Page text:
We structure the chaos of nature because it makes it easier to survive and thrive in it The more we structure the environment, the easier for extremely dumb people and machines to survive and thrive in it. It is easy to build a machine that has to operate in a highly structured environment What really "does it" is not the machine: it's the structured environment

2. Accelerating progress. That伍西s the other dogma of the Singularity movement. Because progress is so rapid and it is even accelerating, then machines will become more and more intelligent more and more rapidly. My problem with this dogma is that it is just not true. There has been the same kind of rapid progress in the past, and maybe even more rapid. Think of the period between 1880 and 1915 when the car, the airplane, the telephone, the radio, the record and cinema were invented. Suddenly people were "flying", and one could talk to her mother who was thousands of kms away, and one could hear the voice of someone dead, etc. Those inventions must have looked like magic. They all happened in that short period of time. At the same time science invented Quantum Mechanics and Relativity. The USA produced 11,200 cars in 1903, but already 1.5 million in 1916. The Wright brothers flew the first plane in 1903: during World War I (1915-18) more than 200,000 planes were built. That伍西s accelerating progress. On the other hand, are we really sure that today there is so much progress? 47 years after the Moon landing we still haven't sent a human being to any planet . The only supersonic plane (the Concorde) has been retired. So I am not even sure that progress in our age is really so special. I am not denying that today there is a lot of change; but change is not necessarily progress. Sometimes it is fashion created by marketing. Sometimes it is change of a commercial type, that mainly benefits the big corporations. Maybe it is "progress", but progress for whom?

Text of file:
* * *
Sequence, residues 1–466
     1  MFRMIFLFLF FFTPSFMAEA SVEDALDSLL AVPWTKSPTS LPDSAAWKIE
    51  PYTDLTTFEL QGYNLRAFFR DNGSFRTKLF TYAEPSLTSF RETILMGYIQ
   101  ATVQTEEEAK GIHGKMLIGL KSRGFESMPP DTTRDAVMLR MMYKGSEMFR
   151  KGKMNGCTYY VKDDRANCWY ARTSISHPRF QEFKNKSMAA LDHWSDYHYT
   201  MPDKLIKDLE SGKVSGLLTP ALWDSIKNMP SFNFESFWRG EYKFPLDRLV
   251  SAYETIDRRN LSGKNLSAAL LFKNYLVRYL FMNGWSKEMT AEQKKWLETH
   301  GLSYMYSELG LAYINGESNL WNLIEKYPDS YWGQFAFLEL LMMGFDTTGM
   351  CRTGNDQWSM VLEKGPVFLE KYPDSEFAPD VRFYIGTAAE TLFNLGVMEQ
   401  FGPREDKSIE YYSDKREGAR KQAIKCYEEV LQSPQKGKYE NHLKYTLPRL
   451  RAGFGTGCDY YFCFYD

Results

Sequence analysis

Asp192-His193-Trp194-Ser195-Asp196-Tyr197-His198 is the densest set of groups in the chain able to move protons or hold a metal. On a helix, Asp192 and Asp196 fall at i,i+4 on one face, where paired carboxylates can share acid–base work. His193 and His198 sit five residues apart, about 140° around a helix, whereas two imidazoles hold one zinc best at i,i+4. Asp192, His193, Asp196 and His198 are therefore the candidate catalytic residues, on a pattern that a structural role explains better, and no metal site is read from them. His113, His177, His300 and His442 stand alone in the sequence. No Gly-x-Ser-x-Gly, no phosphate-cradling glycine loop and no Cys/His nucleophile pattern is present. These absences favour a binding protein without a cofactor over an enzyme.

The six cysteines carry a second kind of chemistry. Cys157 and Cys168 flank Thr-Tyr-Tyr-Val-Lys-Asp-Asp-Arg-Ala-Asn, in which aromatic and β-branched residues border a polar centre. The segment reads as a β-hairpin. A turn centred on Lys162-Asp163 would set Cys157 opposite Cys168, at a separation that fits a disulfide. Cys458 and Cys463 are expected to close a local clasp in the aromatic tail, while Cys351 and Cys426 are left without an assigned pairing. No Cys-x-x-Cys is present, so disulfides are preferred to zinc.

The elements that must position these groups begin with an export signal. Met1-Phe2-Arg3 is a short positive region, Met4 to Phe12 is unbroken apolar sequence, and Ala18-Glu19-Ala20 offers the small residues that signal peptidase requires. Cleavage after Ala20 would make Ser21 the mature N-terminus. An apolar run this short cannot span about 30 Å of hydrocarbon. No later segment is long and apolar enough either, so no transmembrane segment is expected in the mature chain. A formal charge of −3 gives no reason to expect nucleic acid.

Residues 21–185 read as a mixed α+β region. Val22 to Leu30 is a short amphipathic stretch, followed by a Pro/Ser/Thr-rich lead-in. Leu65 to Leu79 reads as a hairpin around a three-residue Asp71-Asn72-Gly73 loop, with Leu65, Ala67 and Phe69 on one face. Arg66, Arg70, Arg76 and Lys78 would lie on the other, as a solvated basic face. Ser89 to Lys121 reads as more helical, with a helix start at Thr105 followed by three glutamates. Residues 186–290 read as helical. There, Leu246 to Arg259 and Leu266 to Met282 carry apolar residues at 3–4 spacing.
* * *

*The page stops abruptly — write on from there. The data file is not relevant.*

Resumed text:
Argument number 3: non-human intelligence has always been around. We are surrounded by non-human intelligence, and frequently these non-human intelligences can do things that we cannot do. Bats can avoid objects in absolute darkness at impressive speeds. Birds are equipped with a sixth sense for the Earth's magnetic field. Some animals have the ability to camouflage, to change the color of their skin. Many animals have night vision. Most animals can see, sniff and hear things that we cannot. And flies can fly and land upside down on the ceiling. These brains are more powerful than ours in performing these tasks. We already built machines that can perform tasks that we cannot perform. For example, we cannot do what a light bulb do. One of the most influential inventions of all time is the clock, invented one thousand years ago, that can do something that no human being can do: keep time. I am not sure what they mean when they say that the Singularity will be a super-human intelligence: what is the difference between non-human and super-human? There already are so many kinds of intelligence that can do things that we cannot do. Nothing scary about it.

Number 4: I am more concerned about the future of human intelligence than about the future of machine intelligence. The Turing Test was asking "when can machines be said to be as intelligent as humans?" I always joke that this "Turing point" can be achieved in 2 ways: 1. Making machines smarter, or 2. Making humans dumber! If machines get just a little smarter while humans get a lot dumber, then, yes, we will have machines that are a lot smarter than humans. So that伍西s the danger: not that we create machines that are too intelligent, but that we create people who are too dumb. People make tools that make people obsolete, redundant and dumb. In fact, the success of many high-tech projects depends not on making smarter technology but on making dumber users. "They" increasingly expect us to behave like machines in order to interact efficiently with machines: we have to speak a "machine language" to phone customer support, automatic teller machines, gas pumps, etc. In most phone and web transactions the first question you are asked is a number (account #, frequent flyer#雾熙) because you are talking to a machine. The machine performs its task because YOU spoke the machine伍西s language (numbers), not because the machine spoke your language. Rules and regulations (driving a car, eating at restaurants, crossing a street) increasingly turn us into machines that must follow simple sequential steps in order to get what we need. I am afraid that we talk about Artificial Intelligence while humans are moving a lot closer towards machines than machines are moving towards humans?